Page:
19 November 1999

Organic premiums concern

How long can organic

premiums, a potential lifeline

for many West Country milk

producers, remain at

sustainable levels? Thats

the question being asked at

West Town Farm this week.

John Burns reports

ANDREW BRAGG is acutely aware of the importance of organic premiums to his business. But, while he receives a good 12p/litre more than many conventional producers, he is becoming increasingly concerned that such a premium could disappear.

With it could go a wonderful opportunity for milk producers in the West Country, he says. "We are very lucky that we already have the processors here – making organic cheeses and yoghurts – but if farmers dont work together this enormous opportunity could so easily be destroyed."

His recently renewed concern was prompted when he attended the annual general meeting of the Organic Milk Suppliers Co-operative, of which he is a very committed member. Speakers included a buyer for a large retailer, who spelled out exactly what his customers wanted.

"He told us they wanted milk and dairy produce to be natural and healthy. Apparently retailers dont care what the cell count of milk is – as long as it is under 400,000 – though they do care about TBC/Bactoscan. And what they worry most about is that individual farmers may compromise the organic standards."

That talk punched home to Mr Bragg the true meaning of marketing. "Its not about screwing the highest possible price out of them in the short term, though it does involve being strong enough sellers to ensure the price is high enough to maintain organic standards. Its all about providing what customers want and developing sustainable markets."

OMSCo pays 29.5p/litre flat rate. There are no seasonality payments and no adjustments for compositional or hygienic quality provided the milk meets the minimum standards of 3.7% fat, 3.2% protein, cell count under 400,000 and TBC less than 100.

It is a simple pricing system that suits producers and buyers alike, which makes him wonder why some producer groups pay according to cell count. But his main concern is the growing number of groups and companies competing for organic milk by offering higher prices than OMSCo. Seeing mainstream UK milk production in disarray because of voluntary and compulsory fragmentation reinforces his concern that the same thing could so easily happen to the organic sector.

Talk of milk leads on to the subject of mastitis prevention and treatment. The herd is loose-housed on generous straw bedding – even though that means buying in some straw. Apart from benefits to the cows, it provides a plentiful supply of dung to maintain or improve farm fertility.

Bullers are temporarily separated from the herd to avoid damage to other cows teats and udders. Homeopathic treatments are used for both prevention and treatments of mastitis, though they are not cheap, says Mr Bragg.

But he does not like to use antibiotics. "They kill good bacteria as well". However, in extreme situations, if the vet advises antibiotics they will be used and the extra-lengthy withdrawal periods required by the organic standards will be observed.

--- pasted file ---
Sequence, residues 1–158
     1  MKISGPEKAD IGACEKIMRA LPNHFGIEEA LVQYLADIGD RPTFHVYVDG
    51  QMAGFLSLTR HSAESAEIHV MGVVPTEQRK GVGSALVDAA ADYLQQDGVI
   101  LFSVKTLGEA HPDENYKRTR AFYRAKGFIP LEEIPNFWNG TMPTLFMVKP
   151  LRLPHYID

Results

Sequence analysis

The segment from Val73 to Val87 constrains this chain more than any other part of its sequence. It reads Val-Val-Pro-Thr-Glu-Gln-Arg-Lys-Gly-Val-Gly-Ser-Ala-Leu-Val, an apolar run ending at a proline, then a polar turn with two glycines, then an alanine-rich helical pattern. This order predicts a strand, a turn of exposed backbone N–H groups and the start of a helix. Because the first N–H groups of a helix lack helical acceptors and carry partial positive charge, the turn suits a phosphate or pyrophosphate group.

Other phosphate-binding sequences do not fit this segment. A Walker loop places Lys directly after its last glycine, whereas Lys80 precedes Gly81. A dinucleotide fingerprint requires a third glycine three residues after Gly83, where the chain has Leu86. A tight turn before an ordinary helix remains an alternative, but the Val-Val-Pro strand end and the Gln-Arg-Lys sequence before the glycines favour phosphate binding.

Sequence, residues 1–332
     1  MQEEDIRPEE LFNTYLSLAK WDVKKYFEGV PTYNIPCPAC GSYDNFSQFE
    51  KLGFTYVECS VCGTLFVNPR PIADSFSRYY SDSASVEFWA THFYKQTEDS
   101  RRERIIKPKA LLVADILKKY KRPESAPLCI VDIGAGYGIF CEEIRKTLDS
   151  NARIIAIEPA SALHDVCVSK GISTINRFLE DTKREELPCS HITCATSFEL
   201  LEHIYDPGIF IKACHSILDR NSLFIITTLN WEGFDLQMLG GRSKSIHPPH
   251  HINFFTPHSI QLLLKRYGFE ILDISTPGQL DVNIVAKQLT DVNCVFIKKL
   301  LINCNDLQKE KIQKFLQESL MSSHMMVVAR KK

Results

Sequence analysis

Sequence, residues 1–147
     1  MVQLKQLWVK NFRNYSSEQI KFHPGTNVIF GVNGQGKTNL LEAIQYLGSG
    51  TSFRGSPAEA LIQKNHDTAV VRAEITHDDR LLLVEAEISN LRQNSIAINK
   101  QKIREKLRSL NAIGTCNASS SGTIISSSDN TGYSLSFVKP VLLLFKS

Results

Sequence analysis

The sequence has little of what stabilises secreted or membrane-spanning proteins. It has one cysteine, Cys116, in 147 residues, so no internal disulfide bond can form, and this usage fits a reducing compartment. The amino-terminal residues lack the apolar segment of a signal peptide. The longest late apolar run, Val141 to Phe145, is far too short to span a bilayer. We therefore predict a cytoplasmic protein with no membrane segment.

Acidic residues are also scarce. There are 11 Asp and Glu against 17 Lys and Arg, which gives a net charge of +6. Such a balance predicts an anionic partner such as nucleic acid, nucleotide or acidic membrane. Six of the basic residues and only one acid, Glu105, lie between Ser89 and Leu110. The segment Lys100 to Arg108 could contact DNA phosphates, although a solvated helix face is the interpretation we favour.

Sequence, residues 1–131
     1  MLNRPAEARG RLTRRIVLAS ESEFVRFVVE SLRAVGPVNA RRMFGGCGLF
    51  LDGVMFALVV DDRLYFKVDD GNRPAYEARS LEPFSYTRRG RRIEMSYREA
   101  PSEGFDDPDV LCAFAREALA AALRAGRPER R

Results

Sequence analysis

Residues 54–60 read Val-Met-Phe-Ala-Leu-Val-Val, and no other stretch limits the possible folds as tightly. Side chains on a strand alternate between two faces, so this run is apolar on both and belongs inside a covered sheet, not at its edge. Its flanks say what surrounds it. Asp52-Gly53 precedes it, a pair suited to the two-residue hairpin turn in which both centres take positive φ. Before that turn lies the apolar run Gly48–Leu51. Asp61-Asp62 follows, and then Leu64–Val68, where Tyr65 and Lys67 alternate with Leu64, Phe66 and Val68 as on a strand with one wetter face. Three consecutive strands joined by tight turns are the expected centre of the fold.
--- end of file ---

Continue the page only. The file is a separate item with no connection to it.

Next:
Monthly milk recording and testing, along with a good recording system, helps identify cows with problems, so that persistent cases can be culled. &#42

FARM FACTS

&#8226 West Town Farm, Ide, near Exeter, Devon, a 65ha (160 acre) farm rented from the Church Commissioners. Farmed organically since July 1992 by Andrew Bragg.

&#8226 Plus 26ha (64 acres) of owned land three miles away, in conversion to organic; 8ha (20 acres) of organic land on an FBT, one mile away; 10ha (25 acres) of organic grasskeep five miles away.

&#8226 80 to 85 dairy cows, plus followers, 320,000 litres milk quota.

&#8226 75 Dorset Horn and Poll Dorset ewes lambing in November.

&#8226 10-year Countryside Stewardship project on 91ha (224 acres)

&#8226 Free-draining, mainly sloping land, some steep.

&#8226 Triticale and spring barley grown for feed.

&#8226 Three full-time staff.

Lambing takes centre stage

Lambing of the Poll Dorsets is well under way at West Town Farm. There is plenty of grass so the only concentrate being fed is a token 140g (5oz) a head of rolled triticale to the in-lamb ewes just before they are housed for the night.

After lambing they rely on grazing alone, with kale and grazing rye available should the grass run out. As with the dairy herd, homeopathy is used for the sheep for prevention and treatment of disease. Mr Bragg sells finished lambs through the Organic Livestock Marketing Co-operative, and again he feels that it needs to be in a strong position to carry out the marketing function effectively while ensuring a fair deal for producers. But in this field too, many companies are attempting to weaken it by offering to buy direct from the farm.

Three late-born lambs were sold in October. All were fat class 3L, two graded U conformation and the other E. Two weighed 20kg and the other 22kg. After deductions including £2 a head for the co-op, they returned £55 and £58 a head respectively – a very useful premium over conventionally produced lamb, says Mr Bragg.